Monday, March 08, 2010
We Were Promised Jetpacks at the Troubadour
Scottish bands rule. Teenage Fanclub, Jesus and The Mary Chain, Mogwai have paved the way for such newer bands like Twilight Sad, Frightened Rabbit and We Were Promised Jetpacks. The Troubadour was packed with fans eager to hear material from We Were Promised Jetpacks debut album, These Four Walls.
Mixing bits of Modest Mouse, MGMT, Yeasayer and Fool's Gold, Bear Hands, by the way of Brooklyn unfurled an ear pleasing nine song set. The rhythmic clang of "Can't Stick Em" swirled with assistance of delayed guitar notes that would violently bounce into an angular direction. Tribal rhythms of "Tablasaurus" were propelled by a staunch fuzz bass line as Dylan Rau dispensed his spoken word vocals.
"What A Drag" had a woozy bluesy feel reminiscent of Cold War Kids, yet the chorus aligned more closely to something Isaac Brock would put together for Modest Mouse. Bear Hands finish their tour with We Were Promised Jetpacks before heading down to SXSW and later landing a highly coveted slot of opening for Passion Pit.
The Lonely Forest
The Lonely Forest created a large enough buzz in the Northwest to be the first band to sign to Chris Walla of Death Cab for Cutie's new label imprint Trans records. They mentioned to the crowd that they hail from, "Anacortes, WA where Free Willy was filmed". The Lonely Forest's penchant for melody and crafting well written power pop songs likely attracted Walla to sign the band.
I wasn't familiar with too much of their material but one tune "Tunnels" grabbed my attention. Bradyn Krueger (Drums) was a beast on the drums with his arms frantically flailing everywhere. "We Sing In Time" recalled a more uptempo version of something Rogue Wave would craft. The Lonely Forest have a huge opportunity in the horizon as they play the well assembled Sasquatch Festival.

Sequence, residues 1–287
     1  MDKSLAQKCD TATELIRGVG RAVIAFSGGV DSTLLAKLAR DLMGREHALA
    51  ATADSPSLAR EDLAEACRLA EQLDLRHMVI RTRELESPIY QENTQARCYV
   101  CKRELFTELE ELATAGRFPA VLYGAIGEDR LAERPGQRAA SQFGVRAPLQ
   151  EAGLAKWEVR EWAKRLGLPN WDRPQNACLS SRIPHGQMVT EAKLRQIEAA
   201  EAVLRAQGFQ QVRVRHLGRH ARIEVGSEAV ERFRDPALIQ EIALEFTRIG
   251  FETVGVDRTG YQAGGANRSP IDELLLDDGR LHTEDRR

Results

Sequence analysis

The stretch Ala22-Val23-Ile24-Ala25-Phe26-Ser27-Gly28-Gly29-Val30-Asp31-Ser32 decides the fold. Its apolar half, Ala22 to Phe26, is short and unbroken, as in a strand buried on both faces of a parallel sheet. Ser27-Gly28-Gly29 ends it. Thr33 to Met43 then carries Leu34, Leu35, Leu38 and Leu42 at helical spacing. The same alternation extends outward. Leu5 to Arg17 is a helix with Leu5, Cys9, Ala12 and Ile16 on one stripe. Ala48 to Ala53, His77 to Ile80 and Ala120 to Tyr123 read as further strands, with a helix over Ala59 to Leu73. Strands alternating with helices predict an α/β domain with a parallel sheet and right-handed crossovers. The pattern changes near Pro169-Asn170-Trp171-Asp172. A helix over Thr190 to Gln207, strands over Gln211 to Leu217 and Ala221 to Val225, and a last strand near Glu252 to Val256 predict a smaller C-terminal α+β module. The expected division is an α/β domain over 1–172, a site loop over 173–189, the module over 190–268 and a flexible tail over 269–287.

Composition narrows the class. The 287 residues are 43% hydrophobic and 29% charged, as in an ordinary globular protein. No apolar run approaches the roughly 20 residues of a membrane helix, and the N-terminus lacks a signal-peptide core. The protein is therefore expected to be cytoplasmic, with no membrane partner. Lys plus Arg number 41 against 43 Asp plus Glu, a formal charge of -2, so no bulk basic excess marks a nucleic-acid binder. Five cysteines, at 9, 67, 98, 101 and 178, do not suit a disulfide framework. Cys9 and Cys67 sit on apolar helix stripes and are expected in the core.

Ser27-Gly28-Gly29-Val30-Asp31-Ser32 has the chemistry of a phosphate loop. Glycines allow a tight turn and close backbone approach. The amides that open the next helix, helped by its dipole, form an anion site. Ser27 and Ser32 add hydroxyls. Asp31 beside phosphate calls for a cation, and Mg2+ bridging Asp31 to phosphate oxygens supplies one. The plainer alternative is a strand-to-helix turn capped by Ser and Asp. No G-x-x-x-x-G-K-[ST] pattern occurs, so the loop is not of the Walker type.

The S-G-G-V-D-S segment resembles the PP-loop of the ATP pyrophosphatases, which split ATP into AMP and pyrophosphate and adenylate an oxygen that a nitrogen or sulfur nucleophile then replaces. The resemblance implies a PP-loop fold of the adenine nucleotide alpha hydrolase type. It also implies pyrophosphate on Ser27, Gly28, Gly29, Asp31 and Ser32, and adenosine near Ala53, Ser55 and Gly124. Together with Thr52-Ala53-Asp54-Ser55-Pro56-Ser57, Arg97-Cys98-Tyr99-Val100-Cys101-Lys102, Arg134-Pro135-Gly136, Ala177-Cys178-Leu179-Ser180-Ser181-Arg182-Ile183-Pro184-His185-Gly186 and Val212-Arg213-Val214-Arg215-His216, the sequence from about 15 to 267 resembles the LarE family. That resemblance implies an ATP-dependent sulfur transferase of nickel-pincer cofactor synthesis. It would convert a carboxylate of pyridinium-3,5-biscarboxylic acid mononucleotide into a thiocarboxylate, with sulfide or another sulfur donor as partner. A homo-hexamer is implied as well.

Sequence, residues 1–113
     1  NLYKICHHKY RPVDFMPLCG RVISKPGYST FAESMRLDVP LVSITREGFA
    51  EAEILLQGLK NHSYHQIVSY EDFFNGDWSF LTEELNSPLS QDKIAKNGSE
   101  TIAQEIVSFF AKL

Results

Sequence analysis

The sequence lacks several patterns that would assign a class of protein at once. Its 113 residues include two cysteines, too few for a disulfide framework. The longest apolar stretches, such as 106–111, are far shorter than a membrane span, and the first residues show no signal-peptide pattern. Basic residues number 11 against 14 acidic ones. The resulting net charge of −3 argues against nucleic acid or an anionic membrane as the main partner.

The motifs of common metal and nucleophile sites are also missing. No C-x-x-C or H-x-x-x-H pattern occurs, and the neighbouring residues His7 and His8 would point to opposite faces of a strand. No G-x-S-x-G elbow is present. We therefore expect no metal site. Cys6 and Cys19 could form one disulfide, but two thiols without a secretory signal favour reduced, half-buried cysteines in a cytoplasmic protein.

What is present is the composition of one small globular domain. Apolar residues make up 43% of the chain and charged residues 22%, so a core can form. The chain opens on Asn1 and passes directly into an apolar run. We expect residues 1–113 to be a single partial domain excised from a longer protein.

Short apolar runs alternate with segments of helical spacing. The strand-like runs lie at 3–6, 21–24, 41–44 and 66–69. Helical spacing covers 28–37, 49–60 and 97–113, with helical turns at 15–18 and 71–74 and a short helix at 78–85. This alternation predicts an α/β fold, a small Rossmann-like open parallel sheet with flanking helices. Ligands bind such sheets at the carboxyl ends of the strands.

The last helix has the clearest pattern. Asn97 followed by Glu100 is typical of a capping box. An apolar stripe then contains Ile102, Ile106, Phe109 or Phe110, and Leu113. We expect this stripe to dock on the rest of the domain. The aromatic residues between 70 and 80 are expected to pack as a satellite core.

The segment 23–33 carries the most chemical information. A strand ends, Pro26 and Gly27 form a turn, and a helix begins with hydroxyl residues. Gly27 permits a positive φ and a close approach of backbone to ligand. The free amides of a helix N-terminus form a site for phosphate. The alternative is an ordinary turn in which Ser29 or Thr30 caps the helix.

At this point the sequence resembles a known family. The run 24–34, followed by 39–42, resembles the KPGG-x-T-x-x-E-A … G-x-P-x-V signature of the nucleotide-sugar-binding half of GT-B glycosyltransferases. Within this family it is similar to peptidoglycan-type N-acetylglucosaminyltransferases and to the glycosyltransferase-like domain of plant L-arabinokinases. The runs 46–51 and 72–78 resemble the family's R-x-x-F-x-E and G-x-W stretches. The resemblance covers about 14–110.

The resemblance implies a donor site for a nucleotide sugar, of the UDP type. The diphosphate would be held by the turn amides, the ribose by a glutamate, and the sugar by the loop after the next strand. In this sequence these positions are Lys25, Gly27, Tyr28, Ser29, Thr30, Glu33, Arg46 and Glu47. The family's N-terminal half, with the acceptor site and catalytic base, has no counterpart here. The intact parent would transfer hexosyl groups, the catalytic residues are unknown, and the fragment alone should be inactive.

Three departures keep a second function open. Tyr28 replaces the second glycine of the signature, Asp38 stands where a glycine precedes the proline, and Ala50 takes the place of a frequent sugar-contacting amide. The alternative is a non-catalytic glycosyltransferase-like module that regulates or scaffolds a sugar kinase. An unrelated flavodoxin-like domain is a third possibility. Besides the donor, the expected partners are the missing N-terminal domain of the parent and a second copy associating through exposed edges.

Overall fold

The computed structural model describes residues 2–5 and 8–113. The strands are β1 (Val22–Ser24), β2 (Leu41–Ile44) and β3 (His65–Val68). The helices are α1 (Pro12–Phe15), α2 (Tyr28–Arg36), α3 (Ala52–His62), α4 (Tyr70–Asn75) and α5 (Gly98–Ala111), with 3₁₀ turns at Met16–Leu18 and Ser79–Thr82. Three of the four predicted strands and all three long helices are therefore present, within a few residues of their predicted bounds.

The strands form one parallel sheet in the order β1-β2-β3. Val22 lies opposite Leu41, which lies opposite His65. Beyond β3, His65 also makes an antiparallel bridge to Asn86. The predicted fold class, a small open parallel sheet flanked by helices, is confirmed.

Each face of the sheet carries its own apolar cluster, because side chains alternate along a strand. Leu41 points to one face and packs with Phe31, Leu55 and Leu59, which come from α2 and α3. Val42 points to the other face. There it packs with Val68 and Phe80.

We Were Promised Jetpacks
A pair of Fender Telecasters started to churn as the spoken word samples of a NASA countdown from "A Half Built House" reverberated throughout the Troubadour. The volume increased as the band started into the lengthy introduction of "Keeping Warm". Darren Lackie (Drums) had his hi-hat hissing and was relentlessly bashing at his drums as the tempo continued to increase. Michael Palmer (Guitar) filled the role of sound architect adding clouds of delay or reverb washes to the songs.
"Quiet Little Voices" really kicked things up a notch as the crowd chanted the chorus along with Adam Thompson (Vocals/Guitars). Adam impressed on many levels with his vocals and handling a large portion of the chord work on his guitar without missing a beat. Sean Smith (Bass) stood quietly on his side of the stage easily keeping pace with the kinetic drumming of Lackie. The angular guitars and off kilter drum beat of "Moving Clocks Run Too Slow" added another layer of anxiety to the panic attack of a song.
Thompson was very appreciative of the sold out crowd and thanked everyone for coming out to see their "wee" band. It didn't take long for them to get back to work as they conquered "Roll Up Your Sleeves" at twice the recorded speed. The song ended in a fury of drone and feedback which would have made Jesus & The Mary Chain proud. Thompson mentioned how excited he was to play Los Angeles because he could finally meet Larry David, which got a number of laughs from the crowd. The crackle and pop of "It's Thunder and its Lightning" had Thompson screaming "Your body is black and blue" at the top of this lungs a few feet from the microphone.
After recanting a story about almost getting into a fight at their show in San Diego due to an overzealous fan filming the show with iphone, a shimmery cluster of guitars for "This is My House, This is My Home" washed over the crowd until it devolved into a fury of feedback. "Short Burst" ended their set with its rapid fire drumming and walking bass line. The chants for an encore were unfortunately unfulfilled, but We Were Promised Jetpacks literally had already given all they had.